Following remand, the federal defendants argued to the district court that the case was moot; the Association lacks standing; there is no private right of action under ISTEA; and the doctrine of laches should bar the litigation. Joint Appendix ("J.A.") at 19-21 (Federal Defendants' Response on Remand). As the district court noted, the federal defendants completely failed to address this court's question whether the construction of the corridor of Route 840 South constitutes a major federal action, notwithstanding the absence of federal funding, such that NEPA requirements apply. See Southwest Williamson County Community Ass'n v. Slater, 67 F. Supp. 2d 875, 878 n.5 (M.D. Tenn. 1999) (Southwest III) ("Although the pivotal issue in this case is whether 840 South is a 'major federal action,' the Federal Defendants do not address how the issue applies to the totality of the federal actions alleged by the Plaintiff."). The Association then filed an amended complaint in the district court seeking a declaratory judgment that the unfinished portion of Route 840 South is a "major federal action" as well as an order to require the federal defendants to prepare an EIS for the unfinished portion of the highway; a preliminary injunction halting construction; and a permanent injunction. The Association pressed its NEPA claims as well as its state law claim, but abandoned its ISTEA claim. The Association then filed a motion for a preliminary injunction.

After holding a hearing, the district court denied the Association's motion for a preliminary injunction. The district court first assessed the Association's likelihood of success on the merits of its claims, the first prong of the relevant analysis for a preliminary injunction. Analyzing the relevant statutory language and associated regulations, the district court noted that "most circuit courts look to whether a federal agency has the ability to influence or control the non-federal activity" when assessing whether such activity constitutes a "major Federal action[]" under NEPA. Southwest III, 67 F. Supp. 2d at 880. After evaluating the numerous federal actions which the Association alleges constitute proof of the federalization of the highway, 6 the district court determined that the actions in aggregate did not "give FHWA authority to control the 840 South Highway Project and thereby turn it into a 'major federal action.'" Southwest III, 67 F. Supp. 2d at 882. The district court then briefly evaluated the other three factors pertinent to a request for a preliminary injunction, namely whether irreparable harm will occur in the absence of an injunction; whether substantial harm to others will occur should an injunction issue; and whether the public interest is advanced by the injunction. Presuming, arguendo, that the highway constituted a major federal action and that irreparable harm will occur to the surrounding environment without an injunction, the district court found that the cost to the state, the inconvenience to the public, and the Association's long delay in bringing suit weighed against the issuance of a preliminary injunction. See Southwest III, 67 F. Supp. 2d at 885-86. The district court also found that the Association was unlikely to succeed in federal court on the merits of its state law claim based on the abstention doctrine since the Association was already litigating the state law claim in state court. See id.at 885.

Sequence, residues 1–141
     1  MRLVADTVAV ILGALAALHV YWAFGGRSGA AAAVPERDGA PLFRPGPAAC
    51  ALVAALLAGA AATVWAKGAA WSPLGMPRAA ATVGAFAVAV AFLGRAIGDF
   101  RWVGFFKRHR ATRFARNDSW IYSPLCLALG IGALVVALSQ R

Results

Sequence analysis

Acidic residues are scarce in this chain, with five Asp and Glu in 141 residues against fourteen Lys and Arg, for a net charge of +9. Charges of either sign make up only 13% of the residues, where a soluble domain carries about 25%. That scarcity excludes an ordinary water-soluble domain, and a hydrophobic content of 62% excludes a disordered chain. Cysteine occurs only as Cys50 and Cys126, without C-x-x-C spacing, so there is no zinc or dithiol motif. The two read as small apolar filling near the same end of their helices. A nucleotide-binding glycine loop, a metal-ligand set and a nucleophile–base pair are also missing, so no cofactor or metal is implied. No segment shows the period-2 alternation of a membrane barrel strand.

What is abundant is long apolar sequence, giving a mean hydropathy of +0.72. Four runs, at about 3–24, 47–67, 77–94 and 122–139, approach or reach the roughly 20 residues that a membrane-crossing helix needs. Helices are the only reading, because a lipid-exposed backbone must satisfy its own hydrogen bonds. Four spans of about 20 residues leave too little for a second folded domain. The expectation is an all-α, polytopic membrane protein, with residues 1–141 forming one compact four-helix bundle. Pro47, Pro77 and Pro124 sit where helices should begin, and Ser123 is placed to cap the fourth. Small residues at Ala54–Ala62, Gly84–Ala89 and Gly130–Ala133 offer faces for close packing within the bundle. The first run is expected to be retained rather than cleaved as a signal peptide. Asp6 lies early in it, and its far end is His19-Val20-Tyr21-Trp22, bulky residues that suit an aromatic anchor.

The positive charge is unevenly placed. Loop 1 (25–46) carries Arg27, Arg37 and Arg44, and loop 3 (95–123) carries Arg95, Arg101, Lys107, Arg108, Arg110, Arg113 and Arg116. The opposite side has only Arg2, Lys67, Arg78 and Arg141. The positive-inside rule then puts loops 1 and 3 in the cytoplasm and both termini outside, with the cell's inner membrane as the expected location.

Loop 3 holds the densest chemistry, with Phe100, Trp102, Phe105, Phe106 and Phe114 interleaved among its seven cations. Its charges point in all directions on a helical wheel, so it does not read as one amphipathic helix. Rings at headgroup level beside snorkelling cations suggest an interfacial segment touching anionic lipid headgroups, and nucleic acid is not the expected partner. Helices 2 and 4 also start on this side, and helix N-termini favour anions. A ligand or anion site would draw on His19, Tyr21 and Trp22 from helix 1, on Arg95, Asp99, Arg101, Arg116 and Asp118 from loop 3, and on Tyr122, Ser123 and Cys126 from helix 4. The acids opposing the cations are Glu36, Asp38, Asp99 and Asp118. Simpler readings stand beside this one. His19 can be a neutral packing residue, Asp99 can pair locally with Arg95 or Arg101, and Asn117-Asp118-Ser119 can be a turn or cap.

II. JURISDICTION

The district court had jurisdiction of this action under 28 U.S.C. §1331. Following the district court's order, the Association filed a motion with the district court for interlocutory review under 28 U.S.C. §1292(b). The district court granted the motion, but this court denied it and instructed the district court clerk to file the motion as a regular notice of appeal under 28 U.S.C. §1292(a)(1). We therefore have jurisdiction pursuant to 28 U.S.C. §1292(a)(1) over the Association's timely filed appeal.

III. MOOTNESS

The federal defendants have persistently argued throughout this appeal that the instant case is moot. Article III of the U.S. Constitution dictates that this court must have a...